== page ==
1959’s Some Like It Hot is one of the most standout films of Billy Wilder’s illustrious directorial career (Sunset Boulevard, The Apartment, Double Indemnity). Shamefully, I only just had the pleasure of watching Tony Curtis, Jack Lemmon and Marilyn Monroe’s charming performances as Jerry/Geraldine and Joe/Josephine, two musicians on the run after witnessing a mob murder, and Sugar Kane, the showgirl who fronts the all-female band the pair join, masquerading as women in order to throw their pursuers off the scent. This film is utterly timeless and consistently comedic, creating a sharp and fine-tuned romp where performances, screenplay, structure and tone alike all combine harmoniously to create a wholly amusing experience.
Despite its anachronisms, the humour is unrelentingly impressive, embodying the farcical liveliness of the 1920s with ease; a true testament to Billy Wilder’s accomplished writing style. The film is perfectly paced, with Curtis and Lemmon hopping from one mishap to another before the audience can even draw breath. Some Like It Hot is a perfect example of the brand of wholesome, slapstick comedy which is so beloved, and typical of classic Hollywood.
Interestingly, the film touches on the roles and experiences of women in showbusiness, and in general during both the 1920s era where the action takes place, as well as the 1950s in which the film was produced. As intentional as it may be within the film itself, it certainly isn’t on a meta level. ‘Now you know how the other half lives’, Jerry says to Joe after he is groped in an elevator by an invasive admirer. Excluding the two leads, the majority of male characters in the film are depicted in a hugely predatory and overly persistent manner when it comes to their sexual advances, which despite commenting on the sexism of the era, is juxtaposed with the tropes certain aspects of the film fall into.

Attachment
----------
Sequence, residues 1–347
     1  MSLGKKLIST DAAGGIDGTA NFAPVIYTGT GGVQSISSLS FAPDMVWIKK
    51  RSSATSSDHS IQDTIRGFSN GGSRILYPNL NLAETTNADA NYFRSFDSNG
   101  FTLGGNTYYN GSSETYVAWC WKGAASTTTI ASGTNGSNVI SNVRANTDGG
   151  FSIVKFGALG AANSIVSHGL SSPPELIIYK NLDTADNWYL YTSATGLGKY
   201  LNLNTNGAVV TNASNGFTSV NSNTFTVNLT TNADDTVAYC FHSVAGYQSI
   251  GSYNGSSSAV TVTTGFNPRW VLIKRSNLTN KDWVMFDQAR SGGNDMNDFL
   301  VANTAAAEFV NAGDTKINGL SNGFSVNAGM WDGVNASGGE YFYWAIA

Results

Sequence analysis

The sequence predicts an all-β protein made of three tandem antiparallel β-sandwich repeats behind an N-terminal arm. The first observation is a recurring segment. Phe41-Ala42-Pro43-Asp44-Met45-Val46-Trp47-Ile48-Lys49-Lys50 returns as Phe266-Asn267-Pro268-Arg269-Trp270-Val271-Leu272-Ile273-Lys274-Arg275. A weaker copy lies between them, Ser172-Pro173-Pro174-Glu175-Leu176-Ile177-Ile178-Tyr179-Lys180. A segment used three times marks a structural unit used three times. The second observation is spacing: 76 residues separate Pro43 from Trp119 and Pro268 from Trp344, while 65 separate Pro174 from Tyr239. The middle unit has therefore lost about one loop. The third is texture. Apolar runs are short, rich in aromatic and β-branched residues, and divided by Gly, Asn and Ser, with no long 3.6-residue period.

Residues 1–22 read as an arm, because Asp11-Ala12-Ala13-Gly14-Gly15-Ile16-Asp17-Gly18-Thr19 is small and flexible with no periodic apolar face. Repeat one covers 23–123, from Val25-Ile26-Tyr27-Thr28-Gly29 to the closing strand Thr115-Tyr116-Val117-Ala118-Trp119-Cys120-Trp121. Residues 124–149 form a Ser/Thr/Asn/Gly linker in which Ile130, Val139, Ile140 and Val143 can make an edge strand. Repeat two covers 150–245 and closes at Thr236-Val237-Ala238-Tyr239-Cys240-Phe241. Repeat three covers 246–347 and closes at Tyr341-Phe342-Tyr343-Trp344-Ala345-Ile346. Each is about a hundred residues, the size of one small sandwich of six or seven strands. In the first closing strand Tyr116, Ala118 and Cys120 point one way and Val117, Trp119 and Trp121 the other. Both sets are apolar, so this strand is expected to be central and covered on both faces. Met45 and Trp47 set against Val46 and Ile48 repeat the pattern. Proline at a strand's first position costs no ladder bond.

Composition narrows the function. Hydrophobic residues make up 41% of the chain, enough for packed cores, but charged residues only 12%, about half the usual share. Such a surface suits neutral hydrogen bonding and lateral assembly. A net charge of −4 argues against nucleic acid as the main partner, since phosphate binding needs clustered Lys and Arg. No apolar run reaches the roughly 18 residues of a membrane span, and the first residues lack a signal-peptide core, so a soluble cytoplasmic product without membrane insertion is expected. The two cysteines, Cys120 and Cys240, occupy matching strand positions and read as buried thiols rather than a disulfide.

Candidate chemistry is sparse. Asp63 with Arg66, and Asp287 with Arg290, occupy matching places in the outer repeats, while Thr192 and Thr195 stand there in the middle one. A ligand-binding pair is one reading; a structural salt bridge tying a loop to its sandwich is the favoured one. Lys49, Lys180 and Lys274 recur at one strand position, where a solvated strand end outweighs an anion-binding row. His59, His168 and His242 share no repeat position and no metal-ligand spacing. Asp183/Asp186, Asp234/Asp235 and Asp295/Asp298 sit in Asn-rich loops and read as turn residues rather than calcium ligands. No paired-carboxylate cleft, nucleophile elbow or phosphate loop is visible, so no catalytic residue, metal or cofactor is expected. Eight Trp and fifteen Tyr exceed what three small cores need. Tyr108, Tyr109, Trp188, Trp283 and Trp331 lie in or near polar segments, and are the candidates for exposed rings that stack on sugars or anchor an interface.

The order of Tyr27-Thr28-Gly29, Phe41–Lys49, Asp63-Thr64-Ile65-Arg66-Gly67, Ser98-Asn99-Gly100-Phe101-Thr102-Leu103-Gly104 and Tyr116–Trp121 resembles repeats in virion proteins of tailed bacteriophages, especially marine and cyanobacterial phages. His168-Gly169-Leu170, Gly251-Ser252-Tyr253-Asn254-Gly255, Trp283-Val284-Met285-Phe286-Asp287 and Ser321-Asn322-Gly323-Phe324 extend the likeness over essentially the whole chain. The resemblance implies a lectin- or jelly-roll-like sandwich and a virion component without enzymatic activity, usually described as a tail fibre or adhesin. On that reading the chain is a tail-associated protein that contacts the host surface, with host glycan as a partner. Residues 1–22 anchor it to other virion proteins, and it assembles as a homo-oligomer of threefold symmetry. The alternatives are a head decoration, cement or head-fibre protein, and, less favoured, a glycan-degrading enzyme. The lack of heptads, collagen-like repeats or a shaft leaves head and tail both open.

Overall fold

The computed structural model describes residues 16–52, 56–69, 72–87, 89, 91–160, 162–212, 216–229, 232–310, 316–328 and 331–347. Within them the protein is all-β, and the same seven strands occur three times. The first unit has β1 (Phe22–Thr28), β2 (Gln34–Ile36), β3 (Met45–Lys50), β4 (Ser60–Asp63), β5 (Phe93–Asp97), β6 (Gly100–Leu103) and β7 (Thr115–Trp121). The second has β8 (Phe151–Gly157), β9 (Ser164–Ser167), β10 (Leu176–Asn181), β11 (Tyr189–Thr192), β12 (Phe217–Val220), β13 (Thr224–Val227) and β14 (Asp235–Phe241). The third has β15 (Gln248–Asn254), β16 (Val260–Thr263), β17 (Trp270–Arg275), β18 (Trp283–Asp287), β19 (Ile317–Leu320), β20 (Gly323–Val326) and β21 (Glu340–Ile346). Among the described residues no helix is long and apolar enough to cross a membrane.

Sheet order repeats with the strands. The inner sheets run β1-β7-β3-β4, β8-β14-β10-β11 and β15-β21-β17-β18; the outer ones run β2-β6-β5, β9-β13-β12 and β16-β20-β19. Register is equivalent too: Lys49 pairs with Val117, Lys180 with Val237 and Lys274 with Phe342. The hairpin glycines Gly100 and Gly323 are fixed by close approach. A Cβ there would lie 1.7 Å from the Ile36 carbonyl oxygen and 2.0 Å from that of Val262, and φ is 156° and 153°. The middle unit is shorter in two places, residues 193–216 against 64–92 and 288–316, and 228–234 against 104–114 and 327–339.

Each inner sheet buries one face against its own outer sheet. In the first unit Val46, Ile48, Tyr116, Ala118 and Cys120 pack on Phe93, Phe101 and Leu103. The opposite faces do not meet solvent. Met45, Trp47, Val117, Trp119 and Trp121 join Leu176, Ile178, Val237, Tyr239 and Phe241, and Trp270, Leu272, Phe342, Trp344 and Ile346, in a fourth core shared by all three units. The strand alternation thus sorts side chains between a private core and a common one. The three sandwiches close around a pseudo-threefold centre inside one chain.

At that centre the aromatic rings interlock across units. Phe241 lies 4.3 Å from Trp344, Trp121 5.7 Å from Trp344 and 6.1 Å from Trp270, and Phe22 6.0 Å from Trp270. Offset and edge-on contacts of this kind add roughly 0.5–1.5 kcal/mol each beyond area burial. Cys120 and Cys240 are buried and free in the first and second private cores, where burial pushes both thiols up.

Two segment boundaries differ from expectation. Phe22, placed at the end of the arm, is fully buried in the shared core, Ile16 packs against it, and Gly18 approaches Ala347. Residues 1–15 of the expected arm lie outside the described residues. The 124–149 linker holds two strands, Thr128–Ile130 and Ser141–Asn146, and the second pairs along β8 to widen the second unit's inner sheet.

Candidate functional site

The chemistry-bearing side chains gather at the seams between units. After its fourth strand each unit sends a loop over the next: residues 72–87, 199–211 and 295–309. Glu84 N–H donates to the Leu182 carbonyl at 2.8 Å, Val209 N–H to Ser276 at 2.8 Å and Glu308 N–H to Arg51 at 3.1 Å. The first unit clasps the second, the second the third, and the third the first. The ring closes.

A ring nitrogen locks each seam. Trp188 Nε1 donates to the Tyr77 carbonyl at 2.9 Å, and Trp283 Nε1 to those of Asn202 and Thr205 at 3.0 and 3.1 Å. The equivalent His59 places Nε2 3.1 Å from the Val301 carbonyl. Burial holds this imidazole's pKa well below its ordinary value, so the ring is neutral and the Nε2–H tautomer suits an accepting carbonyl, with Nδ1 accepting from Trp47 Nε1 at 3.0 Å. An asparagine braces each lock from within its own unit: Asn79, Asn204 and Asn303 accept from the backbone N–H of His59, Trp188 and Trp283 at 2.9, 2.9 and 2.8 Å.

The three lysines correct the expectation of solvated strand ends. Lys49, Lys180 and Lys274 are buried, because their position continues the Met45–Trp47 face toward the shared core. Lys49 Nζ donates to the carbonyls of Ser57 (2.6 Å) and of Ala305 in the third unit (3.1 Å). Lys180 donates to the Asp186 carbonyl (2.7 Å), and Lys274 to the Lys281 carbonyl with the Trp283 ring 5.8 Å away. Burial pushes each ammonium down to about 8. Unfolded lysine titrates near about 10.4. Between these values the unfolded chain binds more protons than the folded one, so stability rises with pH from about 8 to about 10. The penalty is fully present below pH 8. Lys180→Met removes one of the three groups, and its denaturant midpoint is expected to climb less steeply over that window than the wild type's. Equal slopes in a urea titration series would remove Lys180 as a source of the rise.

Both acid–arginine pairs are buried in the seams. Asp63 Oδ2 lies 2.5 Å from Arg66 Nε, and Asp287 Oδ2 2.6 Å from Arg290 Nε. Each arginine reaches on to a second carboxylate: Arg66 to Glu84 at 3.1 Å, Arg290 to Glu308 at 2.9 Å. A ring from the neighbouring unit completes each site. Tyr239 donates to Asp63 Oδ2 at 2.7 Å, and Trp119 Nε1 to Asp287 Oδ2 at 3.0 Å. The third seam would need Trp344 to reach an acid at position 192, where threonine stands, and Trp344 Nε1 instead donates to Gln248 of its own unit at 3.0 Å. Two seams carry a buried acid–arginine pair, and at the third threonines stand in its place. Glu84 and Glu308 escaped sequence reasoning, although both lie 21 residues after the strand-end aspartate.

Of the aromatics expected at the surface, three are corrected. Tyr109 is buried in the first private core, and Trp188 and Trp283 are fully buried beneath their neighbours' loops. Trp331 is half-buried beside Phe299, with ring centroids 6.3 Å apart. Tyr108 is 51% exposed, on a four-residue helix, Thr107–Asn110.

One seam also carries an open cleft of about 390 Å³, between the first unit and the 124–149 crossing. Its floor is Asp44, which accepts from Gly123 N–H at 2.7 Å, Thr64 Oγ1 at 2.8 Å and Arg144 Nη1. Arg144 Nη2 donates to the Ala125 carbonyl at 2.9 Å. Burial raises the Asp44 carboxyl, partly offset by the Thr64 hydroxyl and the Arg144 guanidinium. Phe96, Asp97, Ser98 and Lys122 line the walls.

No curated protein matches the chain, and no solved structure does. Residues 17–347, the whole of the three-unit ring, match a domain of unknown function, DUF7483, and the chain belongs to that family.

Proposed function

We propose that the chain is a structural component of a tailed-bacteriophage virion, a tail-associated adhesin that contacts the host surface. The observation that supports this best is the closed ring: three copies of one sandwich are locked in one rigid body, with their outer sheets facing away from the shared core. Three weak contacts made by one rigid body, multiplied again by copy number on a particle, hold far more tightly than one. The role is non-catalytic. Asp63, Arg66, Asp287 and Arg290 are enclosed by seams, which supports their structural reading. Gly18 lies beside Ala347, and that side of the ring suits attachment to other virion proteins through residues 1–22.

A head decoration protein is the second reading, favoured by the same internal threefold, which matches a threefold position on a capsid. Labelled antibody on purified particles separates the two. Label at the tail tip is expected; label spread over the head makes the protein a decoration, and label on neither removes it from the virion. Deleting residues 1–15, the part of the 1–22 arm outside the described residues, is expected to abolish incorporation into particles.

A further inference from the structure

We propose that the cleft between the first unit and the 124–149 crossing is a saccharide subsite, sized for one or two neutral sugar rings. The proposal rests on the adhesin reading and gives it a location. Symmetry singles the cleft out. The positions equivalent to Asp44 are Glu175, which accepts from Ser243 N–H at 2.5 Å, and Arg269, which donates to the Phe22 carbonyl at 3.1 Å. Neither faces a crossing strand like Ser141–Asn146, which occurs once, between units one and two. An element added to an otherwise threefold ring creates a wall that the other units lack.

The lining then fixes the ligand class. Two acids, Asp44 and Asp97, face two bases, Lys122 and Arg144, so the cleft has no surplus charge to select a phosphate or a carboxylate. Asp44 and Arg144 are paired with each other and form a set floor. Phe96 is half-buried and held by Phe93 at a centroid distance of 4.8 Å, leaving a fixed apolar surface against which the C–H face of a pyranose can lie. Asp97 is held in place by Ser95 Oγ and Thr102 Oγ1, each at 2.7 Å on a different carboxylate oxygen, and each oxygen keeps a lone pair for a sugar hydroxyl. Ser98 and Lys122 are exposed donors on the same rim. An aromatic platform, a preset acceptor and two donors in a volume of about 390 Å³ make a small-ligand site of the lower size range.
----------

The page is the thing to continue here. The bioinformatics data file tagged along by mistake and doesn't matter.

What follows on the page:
Marilyn Monroe’s heavily-publicised dislike for her recurring ‘dumb blonde’ typecasting doesn’t seem to have influenced the development of her role in this film, which in part serves as a plot device and facilitator of male enjoyment. However, her dazzling onscreen presence ensures that her character is relentlessly engaging and completely steals the limelight. It is difficult, in any case, to criticise character development in such a wonderfully simplistic and lighthearted comedy. The characters in the film are continually funny and endearing, the plot uncomplicated and the overall tone of the film incredibly likable. This affability is perhaps never more apparent than during Sugar Kane’s various musical numbers, epitomising the infectious joy of the film:
I’ve no doubt that attitudes towards Some Like It Hot haven’t changed one iota since its 1959 release. Wilder’s eye for detail ensures every shot looks immaculate, the jokes are well placed and both the leading and supporting cast never falter: in spite of its closing line ‘nobody’s perfect’, this crowd-pleasing film comes pretty close.